The Asian Forest Scorpion (Heterometrus longimanus) is often confused with the Malaysian Forest Scorpion (Heterometrus spinifer), which is often referred to as the "Asian Forest Scorpion" in the pet trade. The Malaysian species is similar to the Asian but they are distinct and individual species.
Like the Malaysian Forest Scorpion, the Asian Forest Scorpion is very similar to the Emperor Scorpion in shape and coloration. But the Asian Forest Scorpion has a stronger sting than the pandinus species. The sting is said to equal that of a hornet. Additionally, Asian Forest Scorpions are known to be more territorial. Asians may also exhibit aggression towards members of their own species. For both of these reasons it is recommended for more experienced hobbyists rather than for beginners. In the wild they usually live under logs and other natural debris. They are terrestrial animals, but may burrow to some extent. In the wild, they feed primarily on insects. Their venom is only slightly toxic, although some people may be more sensitive to it then others. The bite of the Asian Scorpion is reported to be more painful than that of the Malaysian, though their LD-50 (lethal dose in 50 percent of lab animals tested - usually mice) ratings are almost the same. This may be due to the fact that they have a slightly shorter and stubbier aculeus (stinging barb). When threatened, they rarely use their tail to attack. Instead, they use their large pedipalp, which is quite capable of drawing blood. Asian Forest Scorpions found in the wild are usually more aggressive then those raised in captivity, although many quickly loose their aggressiveness if handled frequently. They can be kept in small groups, although that is not suggested. They have a medium to long life span and are quite hardy.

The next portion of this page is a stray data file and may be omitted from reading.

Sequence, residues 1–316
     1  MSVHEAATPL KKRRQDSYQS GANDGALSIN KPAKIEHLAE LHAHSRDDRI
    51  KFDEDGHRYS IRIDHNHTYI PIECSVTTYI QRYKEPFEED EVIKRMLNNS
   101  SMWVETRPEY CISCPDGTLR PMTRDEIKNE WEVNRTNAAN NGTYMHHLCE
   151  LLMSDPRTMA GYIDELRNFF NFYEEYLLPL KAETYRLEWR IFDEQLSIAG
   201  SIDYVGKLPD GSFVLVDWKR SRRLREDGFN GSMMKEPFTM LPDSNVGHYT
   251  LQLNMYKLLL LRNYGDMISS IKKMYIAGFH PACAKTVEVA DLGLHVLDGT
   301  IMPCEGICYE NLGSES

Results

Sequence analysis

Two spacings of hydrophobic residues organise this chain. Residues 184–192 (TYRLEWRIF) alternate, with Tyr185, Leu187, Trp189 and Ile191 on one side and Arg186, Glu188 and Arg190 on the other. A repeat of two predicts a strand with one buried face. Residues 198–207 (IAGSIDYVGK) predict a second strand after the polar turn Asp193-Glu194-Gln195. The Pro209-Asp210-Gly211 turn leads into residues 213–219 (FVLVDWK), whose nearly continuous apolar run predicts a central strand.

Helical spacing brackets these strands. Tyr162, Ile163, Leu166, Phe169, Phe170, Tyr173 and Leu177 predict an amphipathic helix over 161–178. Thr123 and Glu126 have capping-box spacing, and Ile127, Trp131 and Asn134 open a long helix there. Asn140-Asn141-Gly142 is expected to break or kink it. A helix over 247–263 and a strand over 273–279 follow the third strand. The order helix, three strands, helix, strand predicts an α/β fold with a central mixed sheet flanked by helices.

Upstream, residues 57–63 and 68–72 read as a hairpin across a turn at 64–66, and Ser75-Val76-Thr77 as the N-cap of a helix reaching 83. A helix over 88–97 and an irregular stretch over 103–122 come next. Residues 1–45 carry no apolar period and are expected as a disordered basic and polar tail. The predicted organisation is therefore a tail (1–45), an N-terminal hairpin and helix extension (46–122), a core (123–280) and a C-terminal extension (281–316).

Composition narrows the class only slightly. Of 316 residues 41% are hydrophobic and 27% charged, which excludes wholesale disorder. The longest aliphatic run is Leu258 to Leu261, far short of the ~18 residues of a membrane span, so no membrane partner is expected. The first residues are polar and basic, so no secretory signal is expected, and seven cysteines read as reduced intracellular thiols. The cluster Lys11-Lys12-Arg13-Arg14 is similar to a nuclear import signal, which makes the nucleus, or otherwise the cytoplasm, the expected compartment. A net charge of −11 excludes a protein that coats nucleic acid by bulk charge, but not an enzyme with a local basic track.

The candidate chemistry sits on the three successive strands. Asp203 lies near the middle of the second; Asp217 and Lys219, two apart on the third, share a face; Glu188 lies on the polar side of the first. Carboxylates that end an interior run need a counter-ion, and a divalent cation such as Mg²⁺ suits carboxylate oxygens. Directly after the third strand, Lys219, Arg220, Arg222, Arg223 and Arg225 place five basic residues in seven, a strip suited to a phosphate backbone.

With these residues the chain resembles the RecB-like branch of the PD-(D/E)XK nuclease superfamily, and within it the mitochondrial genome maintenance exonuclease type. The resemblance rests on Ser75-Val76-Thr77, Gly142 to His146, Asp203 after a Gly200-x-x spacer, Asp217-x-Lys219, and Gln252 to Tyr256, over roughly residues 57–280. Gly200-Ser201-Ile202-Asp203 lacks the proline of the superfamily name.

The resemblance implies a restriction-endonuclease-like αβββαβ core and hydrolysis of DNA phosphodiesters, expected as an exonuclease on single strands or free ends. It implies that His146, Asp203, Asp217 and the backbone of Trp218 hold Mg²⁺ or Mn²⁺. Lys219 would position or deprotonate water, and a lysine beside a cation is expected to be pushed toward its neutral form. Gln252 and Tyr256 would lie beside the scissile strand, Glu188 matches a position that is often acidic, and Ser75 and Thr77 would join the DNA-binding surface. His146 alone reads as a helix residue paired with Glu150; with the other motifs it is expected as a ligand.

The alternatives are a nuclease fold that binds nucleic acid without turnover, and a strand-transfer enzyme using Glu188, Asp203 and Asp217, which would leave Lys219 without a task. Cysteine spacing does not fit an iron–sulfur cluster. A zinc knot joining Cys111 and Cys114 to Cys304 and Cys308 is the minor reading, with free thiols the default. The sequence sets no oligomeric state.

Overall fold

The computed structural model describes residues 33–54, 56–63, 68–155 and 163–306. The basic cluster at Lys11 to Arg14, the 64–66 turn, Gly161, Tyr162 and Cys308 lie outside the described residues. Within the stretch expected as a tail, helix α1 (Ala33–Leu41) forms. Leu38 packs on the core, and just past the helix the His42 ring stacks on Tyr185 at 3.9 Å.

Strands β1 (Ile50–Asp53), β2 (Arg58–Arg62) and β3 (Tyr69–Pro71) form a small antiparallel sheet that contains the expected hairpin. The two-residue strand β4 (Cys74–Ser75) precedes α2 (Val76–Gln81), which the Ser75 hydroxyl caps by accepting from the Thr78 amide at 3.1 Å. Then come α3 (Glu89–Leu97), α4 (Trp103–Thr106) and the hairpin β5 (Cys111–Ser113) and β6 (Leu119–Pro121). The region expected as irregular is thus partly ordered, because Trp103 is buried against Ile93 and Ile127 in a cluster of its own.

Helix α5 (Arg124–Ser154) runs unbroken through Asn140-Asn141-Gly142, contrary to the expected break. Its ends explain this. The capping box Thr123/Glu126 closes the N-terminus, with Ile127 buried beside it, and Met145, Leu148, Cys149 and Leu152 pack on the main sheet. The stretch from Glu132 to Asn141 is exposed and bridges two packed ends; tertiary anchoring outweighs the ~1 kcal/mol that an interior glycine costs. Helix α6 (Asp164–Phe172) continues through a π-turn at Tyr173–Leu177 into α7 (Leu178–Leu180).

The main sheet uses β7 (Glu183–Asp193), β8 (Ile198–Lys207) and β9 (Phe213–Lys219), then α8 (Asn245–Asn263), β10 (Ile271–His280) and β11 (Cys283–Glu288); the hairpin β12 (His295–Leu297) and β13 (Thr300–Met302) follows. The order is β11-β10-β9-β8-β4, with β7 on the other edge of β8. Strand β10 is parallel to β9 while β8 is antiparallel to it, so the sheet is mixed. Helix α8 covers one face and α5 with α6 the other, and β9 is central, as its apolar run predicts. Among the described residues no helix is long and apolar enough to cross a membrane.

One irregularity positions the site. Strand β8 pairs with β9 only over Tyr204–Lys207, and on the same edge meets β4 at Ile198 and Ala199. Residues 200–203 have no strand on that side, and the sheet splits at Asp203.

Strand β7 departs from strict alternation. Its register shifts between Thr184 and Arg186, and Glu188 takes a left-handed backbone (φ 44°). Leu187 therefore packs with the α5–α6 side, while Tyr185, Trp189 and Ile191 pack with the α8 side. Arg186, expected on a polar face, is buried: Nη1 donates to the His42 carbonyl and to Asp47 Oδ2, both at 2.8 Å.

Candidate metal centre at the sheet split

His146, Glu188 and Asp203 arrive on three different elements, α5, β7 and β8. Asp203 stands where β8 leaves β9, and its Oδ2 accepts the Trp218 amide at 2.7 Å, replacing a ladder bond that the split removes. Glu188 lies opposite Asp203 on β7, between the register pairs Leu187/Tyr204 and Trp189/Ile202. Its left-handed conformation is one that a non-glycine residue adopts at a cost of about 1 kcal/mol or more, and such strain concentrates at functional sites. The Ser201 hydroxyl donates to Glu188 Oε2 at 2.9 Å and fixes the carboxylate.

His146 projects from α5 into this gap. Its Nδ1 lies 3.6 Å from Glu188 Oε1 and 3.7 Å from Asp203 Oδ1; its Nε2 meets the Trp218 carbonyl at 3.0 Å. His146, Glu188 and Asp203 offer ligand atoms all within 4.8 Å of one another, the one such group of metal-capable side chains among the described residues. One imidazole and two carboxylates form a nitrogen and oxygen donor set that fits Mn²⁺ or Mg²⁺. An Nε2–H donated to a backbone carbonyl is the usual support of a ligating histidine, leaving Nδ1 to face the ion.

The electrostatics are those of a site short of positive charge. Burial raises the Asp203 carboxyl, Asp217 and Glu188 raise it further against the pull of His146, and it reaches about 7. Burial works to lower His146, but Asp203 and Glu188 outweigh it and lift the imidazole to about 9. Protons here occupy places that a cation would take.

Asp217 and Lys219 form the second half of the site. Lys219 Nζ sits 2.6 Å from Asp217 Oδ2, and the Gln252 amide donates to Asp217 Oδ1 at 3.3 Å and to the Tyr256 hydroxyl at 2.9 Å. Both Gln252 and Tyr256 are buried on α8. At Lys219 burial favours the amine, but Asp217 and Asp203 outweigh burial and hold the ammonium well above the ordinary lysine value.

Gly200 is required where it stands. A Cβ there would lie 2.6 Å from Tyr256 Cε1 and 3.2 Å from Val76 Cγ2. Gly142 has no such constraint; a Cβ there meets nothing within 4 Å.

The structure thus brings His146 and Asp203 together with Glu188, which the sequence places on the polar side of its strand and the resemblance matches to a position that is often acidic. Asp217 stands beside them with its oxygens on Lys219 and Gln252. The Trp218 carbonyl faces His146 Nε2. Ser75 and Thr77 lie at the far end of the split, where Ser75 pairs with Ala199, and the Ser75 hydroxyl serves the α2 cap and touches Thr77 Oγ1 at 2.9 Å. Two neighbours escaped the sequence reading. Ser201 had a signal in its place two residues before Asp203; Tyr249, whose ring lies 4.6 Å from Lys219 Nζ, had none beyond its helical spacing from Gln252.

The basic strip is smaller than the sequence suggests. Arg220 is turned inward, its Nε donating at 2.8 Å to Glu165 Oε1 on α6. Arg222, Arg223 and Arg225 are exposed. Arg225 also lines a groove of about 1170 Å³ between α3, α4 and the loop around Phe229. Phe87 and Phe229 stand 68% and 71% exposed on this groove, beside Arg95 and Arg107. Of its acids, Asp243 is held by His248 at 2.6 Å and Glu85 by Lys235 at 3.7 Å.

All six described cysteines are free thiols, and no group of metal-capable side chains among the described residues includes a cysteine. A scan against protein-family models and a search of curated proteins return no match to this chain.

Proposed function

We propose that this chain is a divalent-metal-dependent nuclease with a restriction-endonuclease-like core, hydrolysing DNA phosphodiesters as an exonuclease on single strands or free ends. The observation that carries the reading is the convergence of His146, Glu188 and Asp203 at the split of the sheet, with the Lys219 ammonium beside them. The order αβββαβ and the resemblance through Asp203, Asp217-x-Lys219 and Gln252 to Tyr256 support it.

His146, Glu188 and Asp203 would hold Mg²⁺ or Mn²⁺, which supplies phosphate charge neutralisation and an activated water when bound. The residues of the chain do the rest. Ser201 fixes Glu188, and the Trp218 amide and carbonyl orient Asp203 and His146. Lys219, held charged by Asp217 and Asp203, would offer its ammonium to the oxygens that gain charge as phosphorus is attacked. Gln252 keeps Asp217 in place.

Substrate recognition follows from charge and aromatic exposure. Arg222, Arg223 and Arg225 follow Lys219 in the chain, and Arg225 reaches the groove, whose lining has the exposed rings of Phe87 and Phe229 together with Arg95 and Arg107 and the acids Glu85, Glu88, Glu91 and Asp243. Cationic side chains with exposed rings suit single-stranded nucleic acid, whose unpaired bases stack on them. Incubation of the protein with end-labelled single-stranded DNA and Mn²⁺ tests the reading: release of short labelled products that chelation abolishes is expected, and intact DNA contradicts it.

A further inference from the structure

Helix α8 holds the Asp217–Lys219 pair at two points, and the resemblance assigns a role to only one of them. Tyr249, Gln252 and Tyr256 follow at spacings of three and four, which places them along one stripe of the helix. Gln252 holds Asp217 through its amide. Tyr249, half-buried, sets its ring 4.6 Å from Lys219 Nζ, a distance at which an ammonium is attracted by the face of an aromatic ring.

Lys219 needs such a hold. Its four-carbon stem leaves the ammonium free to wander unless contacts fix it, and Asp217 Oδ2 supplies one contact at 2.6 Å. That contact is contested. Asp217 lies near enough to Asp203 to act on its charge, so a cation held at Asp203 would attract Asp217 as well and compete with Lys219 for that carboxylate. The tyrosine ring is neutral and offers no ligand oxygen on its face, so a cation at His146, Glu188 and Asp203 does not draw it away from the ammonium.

The Asian Forest Scorpion is a large scorpion, averaging four to four and a half inches in length. They are smaller than the Malaysian variety, which grows to an average of 6 inches in length. The easiest way to distinguish the Asian Forest Scorpion from the Malaysian Asian Scorpion is by examining the claws. The Malaysian's pincers have very smooth grooves in the sides, while the Asian's pincers have no grooves. Additionally, the Asian's pincers are slightly bubbled. The bubbling is similar to that seen in the Imperial Scorpion's claws is not nearly as extreme. The Malaysian doesn't have bubbled pincers at all, their pincers are almost perfectly smooth. Another difference between the two species is their coloration. The Asian's coloration under true sunlight is extremely black with no hints of any other coloration and the Malaysian has a very strong bluish or greenish tint. In direct sunlight the Malaysian does not appear black at all. Lastly, the Malaysian holds a much wider stance when in an attack posture. It spreads its claws all the way apart with the tail aimed directly toward the sky. When the Asian scorpion is in its attack posture, it tends to curl its tail over in a way that is similar to the walking stance, and the pincers are kept almost directly in front of the body as a protection. Both the Asian and the Malaysian Scorpions have a cleft between the bases of the chelicerae and powerful pedipalps (claws) at the base of the tarsus.
The Asian Forest Scorpion is native to Southern Asia.